If the field for next week’s Charles Schwab Challenge is any indication, whatever hesitations top players see on the road back to competition are not enough to produce inaction.
The field at Colonial is the best it's ever been, since the world ranking started tracking such things, with world No. 1 Rory McIlroy headlining a marquee that includes second-ranked Jon Rahm, third-ranked Brooks Koepka, fourth-ranked Justin Thomas, fifth-ranked Dustin Johnson . . . you get the idea.
In fact, Adam Scott, Tommy Fleetwood – who left the United States when play was halted in March and face a quarantine when they return – and Patrick Cantlay are the only top-10 players who won’t make the trip to Fort Worth, Texas.
To put that in context, the field at golf’s return will be the strongest this season according to the world ranking – stronger than the World Golf Championships in China and Mexico, stronger than Tiger Woods’ own event in Los Angeles and stronger than the Arnold Palmer Invitational.
“It will be nice to get back out and play,” said McIlroy, who plans to play the first three events after the restart. “Obviously we're going to have to take as many precautions as possible to be able to put Tour events on again, but I think the PGA Tour has got a very robust plan in place.”
For most players, as evidenced by the strength of next week’s field, McIlroy’s sentiments go well beyond the company line. The circuit’s exhaustive blueprint, from the 37-page Health & Safety Plan to the 35-page Participant Resource Guide, seem to have checked some of the right boxes, but not all.
Although an admittedly small sample size, there are those who will take a wait-and-see approach.
“They are being fairly thorough, but my initial reaction was I was surprised it wasn't tighter than it is,” Scott told the Australian Associated Press last month. “What concerns me is dialogue that [the Tour] is hopeful of returning one- or two-hour test [results]. You'd want that in place before competing.”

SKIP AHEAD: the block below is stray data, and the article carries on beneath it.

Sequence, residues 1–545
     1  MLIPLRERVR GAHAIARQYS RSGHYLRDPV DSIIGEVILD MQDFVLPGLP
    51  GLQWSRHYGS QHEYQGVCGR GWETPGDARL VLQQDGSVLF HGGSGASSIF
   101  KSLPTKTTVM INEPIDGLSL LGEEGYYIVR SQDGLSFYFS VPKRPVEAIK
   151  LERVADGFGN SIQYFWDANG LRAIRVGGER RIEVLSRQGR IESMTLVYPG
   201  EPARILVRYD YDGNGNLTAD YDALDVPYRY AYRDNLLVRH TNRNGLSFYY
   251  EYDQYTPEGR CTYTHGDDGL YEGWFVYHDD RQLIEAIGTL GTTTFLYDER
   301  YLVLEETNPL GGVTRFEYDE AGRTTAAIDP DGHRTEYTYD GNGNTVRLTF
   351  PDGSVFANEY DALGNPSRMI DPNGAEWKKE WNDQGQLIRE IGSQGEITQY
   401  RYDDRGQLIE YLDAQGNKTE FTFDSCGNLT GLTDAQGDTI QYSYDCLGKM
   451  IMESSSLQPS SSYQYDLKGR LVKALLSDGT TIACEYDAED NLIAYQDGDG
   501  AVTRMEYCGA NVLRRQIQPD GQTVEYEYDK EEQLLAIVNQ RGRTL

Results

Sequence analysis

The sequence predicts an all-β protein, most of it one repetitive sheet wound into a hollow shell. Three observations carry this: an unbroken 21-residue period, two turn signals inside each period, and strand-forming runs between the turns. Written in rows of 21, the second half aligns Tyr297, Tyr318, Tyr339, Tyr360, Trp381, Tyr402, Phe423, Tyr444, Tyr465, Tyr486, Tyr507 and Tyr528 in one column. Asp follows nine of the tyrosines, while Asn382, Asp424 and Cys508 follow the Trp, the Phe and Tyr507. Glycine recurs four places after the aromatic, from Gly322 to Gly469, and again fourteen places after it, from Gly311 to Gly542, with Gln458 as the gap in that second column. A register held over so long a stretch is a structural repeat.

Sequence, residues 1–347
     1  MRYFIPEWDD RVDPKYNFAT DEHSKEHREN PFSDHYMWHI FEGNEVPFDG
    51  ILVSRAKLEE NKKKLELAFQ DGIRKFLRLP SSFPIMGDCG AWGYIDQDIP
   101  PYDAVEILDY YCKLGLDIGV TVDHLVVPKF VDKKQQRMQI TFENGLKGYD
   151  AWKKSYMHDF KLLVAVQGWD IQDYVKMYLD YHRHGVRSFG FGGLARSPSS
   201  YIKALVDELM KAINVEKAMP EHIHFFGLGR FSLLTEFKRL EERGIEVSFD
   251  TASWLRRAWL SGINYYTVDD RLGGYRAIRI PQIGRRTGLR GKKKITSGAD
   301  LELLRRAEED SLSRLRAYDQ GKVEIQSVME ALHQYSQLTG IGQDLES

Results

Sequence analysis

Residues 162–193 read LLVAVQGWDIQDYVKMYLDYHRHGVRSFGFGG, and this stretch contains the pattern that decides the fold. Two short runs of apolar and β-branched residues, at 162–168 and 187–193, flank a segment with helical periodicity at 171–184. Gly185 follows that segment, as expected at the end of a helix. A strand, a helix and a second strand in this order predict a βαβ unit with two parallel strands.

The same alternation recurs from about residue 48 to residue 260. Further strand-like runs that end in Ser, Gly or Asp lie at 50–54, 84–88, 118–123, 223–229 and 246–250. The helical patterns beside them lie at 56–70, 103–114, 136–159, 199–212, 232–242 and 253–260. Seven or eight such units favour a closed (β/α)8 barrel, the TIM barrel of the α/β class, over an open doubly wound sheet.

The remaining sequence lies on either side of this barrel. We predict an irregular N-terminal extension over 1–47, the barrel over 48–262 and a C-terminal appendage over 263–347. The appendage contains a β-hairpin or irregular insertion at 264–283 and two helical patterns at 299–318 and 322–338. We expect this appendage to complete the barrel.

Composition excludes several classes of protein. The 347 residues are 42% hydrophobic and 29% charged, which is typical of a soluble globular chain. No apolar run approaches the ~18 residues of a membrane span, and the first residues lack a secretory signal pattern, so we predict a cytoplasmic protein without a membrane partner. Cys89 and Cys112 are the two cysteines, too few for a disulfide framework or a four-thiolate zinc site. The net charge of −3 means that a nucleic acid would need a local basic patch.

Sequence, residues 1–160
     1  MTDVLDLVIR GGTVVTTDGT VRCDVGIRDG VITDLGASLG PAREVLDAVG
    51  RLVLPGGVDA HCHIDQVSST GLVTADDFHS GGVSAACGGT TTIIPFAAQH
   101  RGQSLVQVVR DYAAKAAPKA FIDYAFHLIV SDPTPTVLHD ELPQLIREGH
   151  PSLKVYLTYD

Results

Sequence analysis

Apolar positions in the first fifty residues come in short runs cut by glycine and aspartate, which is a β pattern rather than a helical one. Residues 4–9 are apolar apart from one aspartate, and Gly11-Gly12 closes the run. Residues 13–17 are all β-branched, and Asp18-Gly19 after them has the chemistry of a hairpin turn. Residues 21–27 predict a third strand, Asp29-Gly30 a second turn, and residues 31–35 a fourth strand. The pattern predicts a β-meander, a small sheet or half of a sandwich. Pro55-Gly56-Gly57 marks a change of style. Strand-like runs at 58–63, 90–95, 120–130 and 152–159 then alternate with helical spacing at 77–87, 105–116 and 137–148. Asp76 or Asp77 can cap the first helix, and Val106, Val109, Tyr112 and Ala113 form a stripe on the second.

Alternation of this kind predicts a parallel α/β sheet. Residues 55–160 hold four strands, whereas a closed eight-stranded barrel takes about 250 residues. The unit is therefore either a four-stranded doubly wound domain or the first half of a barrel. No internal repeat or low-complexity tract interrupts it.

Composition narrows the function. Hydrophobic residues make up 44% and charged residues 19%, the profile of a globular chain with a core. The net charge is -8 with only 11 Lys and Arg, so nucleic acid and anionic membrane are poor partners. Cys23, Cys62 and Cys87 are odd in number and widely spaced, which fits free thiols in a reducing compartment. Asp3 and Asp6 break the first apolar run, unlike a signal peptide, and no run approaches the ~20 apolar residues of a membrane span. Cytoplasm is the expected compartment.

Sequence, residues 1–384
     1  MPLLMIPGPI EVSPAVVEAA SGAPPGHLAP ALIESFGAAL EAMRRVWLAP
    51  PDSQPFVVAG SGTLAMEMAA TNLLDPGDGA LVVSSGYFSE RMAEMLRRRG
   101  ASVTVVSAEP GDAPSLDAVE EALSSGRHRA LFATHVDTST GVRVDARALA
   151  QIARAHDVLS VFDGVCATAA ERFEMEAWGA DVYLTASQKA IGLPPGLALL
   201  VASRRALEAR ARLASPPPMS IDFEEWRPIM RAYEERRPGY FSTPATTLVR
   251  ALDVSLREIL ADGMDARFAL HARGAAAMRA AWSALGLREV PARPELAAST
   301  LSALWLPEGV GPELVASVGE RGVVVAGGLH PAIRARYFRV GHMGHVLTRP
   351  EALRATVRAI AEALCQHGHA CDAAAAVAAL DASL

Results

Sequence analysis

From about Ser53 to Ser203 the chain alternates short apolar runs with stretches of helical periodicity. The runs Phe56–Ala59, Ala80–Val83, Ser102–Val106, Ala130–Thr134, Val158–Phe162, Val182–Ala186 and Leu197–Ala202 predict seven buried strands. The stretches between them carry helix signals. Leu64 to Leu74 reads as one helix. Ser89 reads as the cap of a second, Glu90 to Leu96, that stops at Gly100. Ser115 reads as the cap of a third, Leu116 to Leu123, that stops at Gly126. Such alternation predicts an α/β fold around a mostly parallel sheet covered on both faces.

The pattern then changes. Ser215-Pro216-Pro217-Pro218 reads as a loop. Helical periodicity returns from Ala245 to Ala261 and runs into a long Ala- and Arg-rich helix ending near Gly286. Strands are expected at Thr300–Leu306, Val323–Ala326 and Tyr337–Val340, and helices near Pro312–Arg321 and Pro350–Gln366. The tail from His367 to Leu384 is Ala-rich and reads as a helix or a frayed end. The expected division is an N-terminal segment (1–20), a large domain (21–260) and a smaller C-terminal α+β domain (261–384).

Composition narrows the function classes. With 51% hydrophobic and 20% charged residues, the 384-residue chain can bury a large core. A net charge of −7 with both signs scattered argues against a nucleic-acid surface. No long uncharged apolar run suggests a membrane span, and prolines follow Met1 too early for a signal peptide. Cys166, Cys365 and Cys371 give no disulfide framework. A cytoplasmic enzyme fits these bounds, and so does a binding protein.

While the Tour addressed that concern this week with news of a partnership with Sanford Health that will feature mobile laboratories that will make two- to four-hour test results possible, the Australian’s safety concerns went beyond testing.
“It seems an asymptomatic person could operate within a tournament. If they're not showing symptoms and I somehow picked it up inside the course and I'm disqualified I'm now self-isolating [in that city] for two weeks,” Scott said. “I'd be annoyed if that happened. I thought you'd start quite tight and loosen those protocols to normal if appropriate.”
Scott went on to explain he’s eyeing a potential return in time for the WGC-FedEx St. Jude Invitational in late July, partly as a tune-up for the PGA Championship the next week and partly to see how the Tour’s planned return fares.
It’s a common theme for some players. One top-25 player is skipping next week’s Charles Schwab Challenge because he doesn’t want to be a “guinea pig.”
“I have concerns. I don’t know where to start. The biggest thing once I’m onsite we will operate in a safe manner,” the player explained. “I don’t know how it’s going to pan out. Keeping competition to the standards we want competition to be without putting people in a difficult position. The biggest thing is getting to and from the events on planes.”
Golf's greatest strength at the moment is perhaps that the Tour doesn’t require universal acceptance of its plan to return to competition, unlike other sports like Major League Baseball and the NBA. The independent contractors, like Scott, can pick and choose when and where they want to compete.
It’s an à la carte solution that other sports don’t enjoy.
The dichotomy will likely become even more obvious after the first few Tour events depending on how things unfold. Few positive tests – it’s probably unrealistic to contemplate a scenario where no one tests positive, at least in the short term – along with a competition that everyone agrees feels like a competition would set the tone for the rest of the season. But there are still concerns.
The Travelers Championship, which is scheduled to be the third event back, is relatively close to New York City, which is still considered a hotbed for the pandemic.
“I’d have to think about [playing the Travelers Championship],” said Lucas Glover, who is planning to play the first two events back. “There’s going to be risks everywhere we play but being that close to New York would be something that I’d have to think about.”
Despite a wildly high degree of difficulty, the Tour has created a plan that the vast majority of players are comfortable with, which is even more impressive when considered with the independent contractor context. No plan, however, is going to be perfect nor will any plan address everyone’s concerns.
Next week’s field proves that a majority of players, but not all, are comfortable enough to get back to work. Whether that level of comfort remains depends on how that plan unfolds.